A Label-Free, Multi-Omic Study to Qualitatively and Quantitatively Characterize the Effects of A Glucosylceramide Inhibitor on Obesity

Library Number:
PSTR134865706
Author(s):
Gertjan Kramer, Nicholas Dekker, Lee A Gethings, John P Shockcor, Victoria Lee, Robert J. Beynon, Robert Tonge, James I Langridge, Johannes PC Vissers, Johannes M.F.G. Aerts
Source:
Waters, University of Amsterdam, University of Liverpool
Content Type:
Posters
Content Subtype:
Other Symposium
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Background:

Obesity is one of the risk-factors associated with metabolic syndrome, causing excess body fat to be accumulated, adversely affecting health and life expectancy. Manipulating the function of glucosylceramides with small molecule drug compounds has shown that symptoms can be negated. Here we present a multi-omic analysis of protein and lipid liver extracts from control and obese mouse models undergoing treatment to prevent or revert obesity. 

Method:

Proteomic and lipidomic data were acquired using LC/MS with the utilization of ion mobility in the acquisition scheme. Data were processed and searched using Progenesis QI and dedicated protein sequence and lipid compound databases, providing normalized label-free quantitation results prior to pathway analysis.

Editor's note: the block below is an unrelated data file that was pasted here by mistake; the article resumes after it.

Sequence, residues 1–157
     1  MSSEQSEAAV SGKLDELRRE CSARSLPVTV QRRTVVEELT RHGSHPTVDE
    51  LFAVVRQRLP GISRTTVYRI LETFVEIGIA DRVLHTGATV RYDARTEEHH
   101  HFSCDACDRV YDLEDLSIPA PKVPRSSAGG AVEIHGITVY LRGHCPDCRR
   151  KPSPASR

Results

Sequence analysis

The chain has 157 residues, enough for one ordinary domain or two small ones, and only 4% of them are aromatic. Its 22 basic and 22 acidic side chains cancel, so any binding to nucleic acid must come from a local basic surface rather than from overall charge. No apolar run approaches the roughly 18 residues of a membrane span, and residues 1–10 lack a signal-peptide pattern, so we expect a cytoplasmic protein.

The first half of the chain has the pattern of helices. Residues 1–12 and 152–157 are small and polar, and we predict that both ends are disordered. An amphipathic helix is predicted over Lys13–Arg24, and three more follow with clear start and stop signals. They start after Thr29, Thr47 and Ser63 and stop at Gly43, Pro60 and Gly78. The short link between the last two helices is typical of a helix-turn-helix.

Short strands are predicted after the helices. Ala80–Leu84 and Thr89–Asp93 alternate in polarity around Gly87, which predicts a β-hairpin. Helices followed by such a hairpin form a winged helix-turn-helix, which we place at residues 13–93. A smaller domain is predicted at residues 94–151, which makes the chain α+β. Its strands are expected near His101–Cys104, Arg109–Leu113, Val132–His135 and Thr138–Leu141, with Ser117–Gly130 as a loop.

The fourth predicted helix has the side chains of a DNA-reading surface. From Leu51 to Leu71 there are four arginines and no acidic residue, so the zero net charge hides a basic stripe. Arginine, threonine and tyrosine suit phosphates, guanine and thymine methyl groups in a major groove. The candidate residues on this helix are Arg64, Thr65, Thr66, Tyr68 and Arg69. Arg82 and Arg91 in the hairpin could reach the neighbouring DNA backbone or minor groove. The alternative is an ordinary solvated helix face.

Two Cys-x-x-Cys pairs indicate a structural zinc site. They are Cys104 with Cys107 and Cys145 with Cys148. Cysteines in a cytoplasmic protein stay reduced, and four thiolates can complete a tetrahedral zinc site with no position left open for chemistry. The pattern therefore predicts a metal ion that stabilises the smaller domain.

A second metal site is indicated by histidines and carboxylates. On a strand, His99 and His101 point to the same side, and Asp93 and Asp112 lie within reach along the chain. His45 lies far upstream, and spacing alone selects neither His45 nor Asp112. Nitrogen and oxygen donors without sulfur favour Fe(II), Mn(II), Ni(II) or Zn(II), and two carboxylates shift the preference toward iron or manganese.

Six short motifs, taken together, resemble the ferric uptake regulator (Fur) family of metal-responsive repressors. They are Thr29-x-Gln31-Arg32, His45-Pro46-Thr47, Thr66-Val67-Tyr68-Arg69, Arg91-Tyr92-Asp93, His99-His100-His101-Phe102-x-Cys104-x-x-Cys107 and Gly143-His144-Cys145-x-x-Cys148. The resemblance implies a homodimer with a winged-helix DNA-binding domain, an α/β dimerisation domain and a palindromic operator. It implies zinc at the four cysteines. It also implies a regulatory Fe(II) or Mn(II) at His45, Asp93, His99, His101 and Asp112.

Results:

Proteomic analysis resulted in over 2000 identified proteins, across technical and biological replicates. 50 proteins exhibit a fold change ≥ 2 with significant analysis of variance. Unique peptides were used for relative label-free quantitation with median abundance normalization across all samples. Lipid extracts were analyzed in triplicate with QC samples injected routinely. Lipid classes identified included phosphatidylcholines, sphingomyelins, triglycerides and lysophosphatidylcholines. Mass accuracy, isotoptic fit and fragmentation were used for scoring. Unsupervised multivariate analyses showed distinction between obese and control groups in both datasets. Pathway analysis tools were used to review the complimentary datasets.  

Conclusion:

A multi-omic, biochemical and network investigation for the study of obesity using a mouse model has revealed a number of targets within carbohydrate and lipid metabolism pathways being influenced by treatment with a glucosylcermaide synthase inhibitor.


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